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ARRI cameras


ARRIFLEX 16 BL, picture: ARRI
The ARRIFLEX 16 BL (1965) was the company’s first self-blimped camera. It allowed sync sound 16mm filming and was adopted by television industries worldwide, eventually becoming one of the most successful ARRI cameras ever. Picture: ARRI.

In the middle of the 1930’s, the Munich-based company ARRI innovates and astonishes: it markets a camera equipped with a reflex technology. This enables directors to gain a better view of an object, avoiding the usual parallax errors. ARRI had adapted to motion pictures a technology until then exclusively used by photographers, and since then, has remained a leader in its market.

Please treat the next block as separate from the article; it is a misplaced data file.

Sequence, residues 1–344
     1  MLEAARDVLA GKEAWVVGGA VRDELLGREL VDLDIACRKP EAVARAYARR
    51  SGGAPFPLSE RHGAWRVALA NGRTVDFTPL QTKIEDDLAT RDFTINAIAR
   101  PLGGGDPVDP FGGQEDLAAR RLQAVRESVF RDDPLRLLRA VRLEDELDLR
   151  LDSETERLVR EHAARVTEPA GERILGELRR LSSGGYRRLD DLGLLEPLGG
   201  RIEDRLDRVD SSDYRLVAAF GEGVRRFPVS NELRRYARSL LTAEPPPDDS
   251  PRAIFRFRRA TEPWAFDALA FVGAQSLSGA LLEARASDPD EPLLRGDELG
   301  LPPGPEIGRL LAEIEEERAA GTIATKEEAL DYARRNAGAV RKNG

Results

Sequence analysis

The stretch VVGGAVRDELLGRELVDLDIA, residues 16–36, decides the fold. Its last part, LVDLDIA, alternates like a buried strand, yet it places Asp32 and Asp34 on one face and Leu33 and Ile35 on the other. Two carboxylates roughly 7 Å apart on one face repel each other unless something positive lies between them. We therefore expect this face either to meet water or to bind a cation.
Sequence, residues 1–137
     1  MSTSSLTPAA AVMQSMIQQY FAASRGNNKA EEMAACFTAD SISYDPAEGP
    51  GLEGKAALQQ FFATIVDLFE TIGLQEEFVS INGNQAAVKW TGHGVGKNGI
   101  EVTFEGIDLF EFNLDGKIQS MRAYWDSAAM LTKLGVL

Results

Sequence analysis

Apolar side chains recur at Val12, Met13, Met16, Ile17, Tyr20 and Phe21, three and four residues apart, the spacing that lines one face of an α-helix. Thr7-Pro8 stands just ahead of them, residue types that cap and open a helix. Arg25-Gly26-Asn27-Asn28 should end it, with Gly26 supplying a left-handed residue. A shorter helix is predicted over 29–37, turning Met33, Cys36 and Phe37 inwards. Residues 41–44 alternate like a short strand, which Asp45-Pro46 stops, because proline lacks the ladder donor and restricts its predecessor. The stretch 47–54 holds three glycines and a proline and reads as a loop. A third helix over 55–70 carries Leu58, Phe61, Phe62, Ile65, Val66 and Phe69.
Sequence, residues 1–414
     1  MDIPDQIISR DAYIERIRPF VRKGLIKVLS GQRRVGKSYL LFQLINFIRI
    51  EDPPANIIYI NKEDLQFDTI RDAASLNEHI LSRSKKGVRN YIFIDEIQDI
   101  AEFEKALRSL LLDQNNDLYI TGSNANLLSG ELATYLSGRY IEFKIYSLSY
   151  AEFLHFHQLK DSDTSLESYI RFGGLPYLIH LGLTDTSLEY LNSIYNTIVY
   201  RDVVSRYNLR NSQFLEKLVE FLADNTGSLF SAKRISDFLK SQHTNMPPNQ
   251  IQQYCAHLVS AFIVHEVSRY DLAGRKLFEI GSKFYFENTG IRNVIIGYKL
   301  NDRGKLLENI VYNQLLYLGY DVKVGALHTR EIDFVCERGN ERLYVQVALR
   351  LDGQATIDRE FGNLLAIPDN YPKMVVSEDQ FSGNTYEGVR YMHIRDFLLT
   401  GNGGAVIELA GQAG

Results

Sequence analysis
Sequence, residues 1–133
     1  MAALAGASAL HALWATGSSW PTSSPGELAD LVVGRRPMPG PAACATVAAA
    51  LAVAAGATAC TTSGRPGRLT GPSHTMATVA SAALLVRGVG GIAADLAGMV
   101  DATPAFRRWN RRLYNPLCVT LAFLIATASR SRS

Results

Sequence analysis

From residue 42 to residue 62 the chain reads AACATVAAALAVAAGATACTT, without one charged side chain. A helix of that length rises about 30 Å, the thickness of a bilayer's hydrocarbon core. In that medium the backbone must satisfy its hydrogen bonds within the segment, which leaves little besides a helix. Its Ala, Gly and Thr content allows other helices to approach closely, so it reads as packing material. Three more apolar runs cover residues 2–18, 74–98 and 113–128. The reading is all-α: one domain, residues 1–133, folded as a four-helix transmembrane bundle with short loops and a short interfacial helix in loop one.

Founded in 1917, ARRI stands for the initials of both its founders, August Arnold and Robert Richter. Over the years, its cameras were equipped with the most sophisticated technologies and modern softwares, but they still work based on the very same reflex principle that had been developed by chief engineer Erich Kästner in the 30s.

The technical innovations ARRI brought to the audiovisual industry earned the company no less than 12 scientific and technical Oscars. Every year, films shot with ARRI cameras dominate the Oscar nominations. In its very own way, ARRI wrote a page of cinema history all by itself – without its specialists, it would probably have taken a completely different path.

Source, read more: www.arri.de